Colbert Mashile is a painter and visual artist who has developed a unique iconographical language within South African art, often dealing with the mystical, mythological and archaic elements of traditional African culture and its legacy on present-day life. Within the context of a modern, hybridized and integrated post-apartheid society, these practices, customs and rituals have inevitably filtered into contemporary consciousness and contribute to the complex psychological landscape which characterizes the new culture in a historically divided country. Mashile’s early work dealt primarily with the traumatic, cruel and highly controversial circumcision rituals practiced widely upon young black initiates of both sexes, in different guises, as ceremonious, tribal, coming-of age rites of passage. These practices are criticized and condemned locally and internationally as cruel and inhumane and especially in terms of their long-term psychosomatic impact. Mashile draws on his own experiences, memory and psyche in an autonomous and intuitive process, creating vivid and intricate imagery, recalling both Surrealism and the satirical Pop art of artists such as Phillip Guston or more recently, George Condo.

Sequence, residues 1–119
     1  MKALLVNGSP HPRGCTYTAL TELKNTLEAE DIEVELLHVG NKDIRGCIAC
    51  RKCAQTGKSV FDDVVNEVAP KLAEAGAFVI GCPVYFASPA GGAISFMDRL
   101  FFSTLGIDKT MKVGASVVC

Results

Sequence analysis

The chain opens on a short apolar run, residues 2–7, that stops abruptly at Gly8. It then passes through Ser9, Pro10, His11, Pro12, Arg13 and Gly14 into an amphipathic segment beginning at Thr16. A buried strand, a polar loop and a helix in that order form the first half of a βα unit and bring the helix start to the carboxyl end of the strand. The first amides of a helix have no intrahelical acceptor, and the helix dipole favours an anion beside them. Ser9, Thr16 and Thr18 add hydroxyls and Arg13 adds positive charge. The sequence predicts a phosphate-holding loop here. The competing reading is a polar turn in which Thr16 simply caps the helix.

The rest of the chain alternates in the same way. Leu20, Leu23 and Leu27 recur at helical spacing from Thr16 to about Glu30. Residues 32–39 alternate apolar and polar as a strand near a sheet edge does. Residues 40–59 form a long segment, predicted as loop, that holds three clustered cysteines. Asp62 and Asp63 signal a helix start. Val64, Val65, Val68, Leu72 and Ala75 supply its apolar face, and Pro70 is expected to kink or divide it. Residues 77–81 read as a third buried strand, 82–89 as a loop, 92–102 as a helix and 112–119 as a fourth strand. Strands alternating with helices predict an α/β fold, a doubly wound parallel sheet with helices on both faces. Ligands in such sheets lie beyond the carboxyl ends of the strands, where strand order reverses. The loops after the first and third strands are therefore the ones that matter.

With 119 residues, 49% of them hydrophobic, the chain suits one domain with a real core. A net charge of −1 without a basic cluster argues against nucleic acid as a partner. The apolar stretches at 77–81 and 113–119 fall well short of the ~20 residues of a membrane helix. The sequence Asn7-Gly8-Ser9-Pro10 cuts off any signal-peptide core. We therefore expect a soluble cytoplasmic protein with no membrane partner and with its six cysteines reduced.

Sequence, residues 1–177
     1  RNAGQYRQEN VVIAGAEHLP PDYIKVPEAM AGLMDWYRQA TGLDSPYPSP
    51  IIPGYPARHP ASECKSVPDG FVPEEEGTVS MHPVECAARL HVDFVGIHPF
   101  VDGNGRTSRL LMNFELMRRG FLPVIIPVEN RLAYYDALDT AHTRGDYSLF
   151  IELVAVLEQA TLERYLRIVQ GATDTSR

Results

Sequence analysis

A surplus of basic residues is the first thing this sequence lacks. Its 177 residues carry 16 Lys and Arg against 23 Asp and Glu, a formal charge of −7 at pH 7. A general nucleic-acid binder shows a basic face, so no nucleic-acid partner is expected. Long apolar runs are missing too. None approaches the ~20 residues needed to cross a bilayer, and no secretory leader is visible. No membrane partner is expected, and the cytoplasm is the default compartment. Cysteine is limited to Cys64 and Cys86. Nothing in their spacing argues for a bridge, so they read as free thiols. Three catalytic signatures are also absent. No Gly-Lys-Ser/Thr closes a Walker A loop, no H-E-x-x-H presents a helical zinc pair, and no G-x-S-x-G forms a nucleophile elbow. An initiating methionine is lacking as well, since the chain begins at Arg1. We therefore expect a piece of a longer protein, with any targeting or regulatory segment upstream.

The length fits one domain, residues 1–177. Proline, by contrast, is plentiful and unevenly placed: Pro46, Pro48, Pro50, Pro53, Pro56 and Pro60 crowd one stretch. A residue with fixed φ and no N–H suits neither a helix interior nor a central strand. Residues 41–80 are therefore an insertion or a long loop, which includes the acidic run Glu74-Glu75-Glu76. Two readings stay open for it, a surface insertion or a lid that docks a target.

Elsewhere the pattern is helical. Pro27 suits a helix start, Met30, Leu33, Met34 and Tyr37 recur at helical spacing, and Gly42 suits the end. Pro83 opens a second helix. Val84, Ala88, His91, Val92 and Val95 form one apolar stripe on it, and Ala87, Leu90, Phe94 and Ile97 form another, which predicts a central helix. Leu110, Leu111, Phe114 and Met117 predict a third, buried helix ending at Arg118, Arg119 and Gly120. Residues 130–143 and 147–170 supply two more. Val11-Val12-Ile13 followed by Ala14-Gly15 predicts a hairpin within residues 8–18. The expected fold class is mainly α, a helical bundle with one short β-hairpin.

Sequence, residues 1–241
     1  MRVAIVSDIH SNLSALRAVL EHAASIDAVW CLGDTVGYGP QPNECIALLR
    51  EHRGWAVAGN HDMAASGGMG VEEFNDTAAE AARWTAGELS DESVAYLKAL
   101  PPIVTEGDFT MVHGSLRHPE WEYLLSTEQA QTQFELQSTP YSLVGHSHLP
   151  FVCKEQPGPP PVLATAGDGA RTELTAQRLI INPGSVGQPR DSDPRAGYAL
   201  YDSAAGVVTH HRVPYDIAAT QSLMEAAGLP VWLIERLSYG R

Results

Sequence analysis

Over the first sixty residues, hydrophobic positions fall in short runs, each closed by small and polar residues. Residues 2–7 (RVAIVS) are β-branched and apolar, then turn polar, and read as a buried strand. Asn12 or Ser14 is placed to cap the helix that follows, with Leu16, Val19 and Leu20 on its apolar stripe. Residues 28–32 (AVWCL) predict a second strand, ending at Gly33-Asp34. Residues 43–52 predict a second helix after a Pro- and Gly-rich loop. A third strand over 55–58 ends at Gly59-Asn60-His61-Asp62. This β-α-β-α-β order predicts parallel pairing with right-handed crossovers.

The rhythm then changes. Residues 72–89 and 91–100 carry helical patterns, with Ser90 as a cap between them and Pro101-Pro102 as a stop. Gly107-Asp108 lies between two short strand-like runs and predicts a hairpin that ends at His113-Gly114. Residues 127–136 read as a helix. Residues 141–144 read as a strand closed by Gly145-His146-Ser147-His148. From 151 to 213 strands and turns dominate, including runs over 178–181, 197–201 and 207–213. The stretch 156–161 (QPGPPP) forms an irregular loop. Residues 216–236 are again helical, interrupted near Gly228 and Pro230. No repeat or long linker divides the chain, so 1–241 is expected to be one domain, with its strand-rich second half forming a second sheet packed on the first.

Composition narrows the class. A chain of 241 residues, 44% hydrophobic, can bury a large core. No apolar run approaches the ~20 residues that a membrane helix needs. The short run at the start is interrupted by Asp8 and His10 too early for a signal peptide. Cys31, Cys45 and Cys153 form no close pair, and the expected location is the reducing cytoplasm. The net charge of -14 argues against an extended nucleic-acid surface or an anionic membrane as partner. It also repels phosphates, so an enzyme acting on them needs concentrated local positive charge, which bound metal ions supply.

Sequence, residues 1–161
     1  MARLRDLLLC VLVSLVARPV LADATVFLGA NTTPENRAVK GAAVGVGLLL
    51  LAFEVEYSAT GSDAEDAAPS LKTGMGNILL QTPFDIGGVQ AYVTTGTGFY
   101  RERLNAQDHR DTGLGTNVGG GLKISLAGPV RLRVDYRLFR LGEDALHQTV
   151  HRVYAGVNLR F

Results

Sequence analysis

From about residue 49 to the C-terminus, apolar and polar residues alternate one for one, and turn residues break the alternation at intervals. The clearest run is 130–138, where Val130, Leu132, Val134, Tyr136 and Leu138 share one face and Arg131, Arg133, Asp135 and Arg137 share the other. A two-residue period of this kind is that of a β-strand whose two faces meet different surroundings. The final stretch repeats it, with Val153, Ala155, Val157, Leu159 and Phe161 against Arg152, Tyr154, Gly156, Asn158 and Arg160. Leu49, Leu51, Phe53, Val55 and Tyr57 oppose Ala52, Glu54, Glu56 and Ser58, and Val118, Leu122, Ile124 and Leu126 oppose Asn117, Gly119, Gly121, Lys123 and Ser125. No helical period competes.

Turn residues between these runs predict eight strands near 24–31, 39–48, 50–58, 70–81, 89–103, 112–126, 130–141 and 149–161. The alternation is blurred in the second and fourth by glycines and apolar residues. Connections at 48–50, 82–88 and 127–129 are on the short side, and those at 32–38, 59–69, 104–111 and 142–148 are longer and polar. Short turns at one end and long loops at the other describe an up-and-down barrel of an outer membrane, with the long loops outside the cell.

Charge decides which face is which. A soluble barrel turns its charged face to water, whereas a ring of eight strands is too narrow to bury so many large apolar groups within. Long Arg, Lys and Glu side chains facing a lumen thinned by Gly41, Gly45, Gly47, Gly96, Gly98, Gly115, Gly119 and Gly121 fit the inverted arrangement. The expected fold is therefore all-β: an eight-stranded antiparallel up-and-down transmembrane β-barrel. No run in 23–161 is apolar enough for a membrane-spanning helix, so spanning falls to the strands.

Mashile’s consummate understanding and application of colour conveys metaphorical meaning and signifies the artist’s innate, organic understanding and connection to the land and its occupants. Colour is a tool employed to evoke and trigger emotional and emotive responses and through very considered colour combinations, the subtle manipulation of light and the sensitive insertion of visual stimuli, Mashile communicates on an instinctual level. Mashile’s training and formative background in printmaking, is ever-present and his predisposition for graphic construction serves to integrate and anchor the disparate wanderings of the unconscious and the subconscious. Mashile’s distinctive and original work escapes typical classification and despite the inherent cultural references, the visual landscape (and its inhabitants) are ambiguous and intriguing beyond its local origins. From within his well-honed and individual stylistic framework, the scope of Mashile’s focus has expanded in recent years to deliver incisive political commentary and criticism. Originally from the rural Mpumalanga province, Mashile currently lives and works in the picturesque area of Howick in Kwazulu-Natal.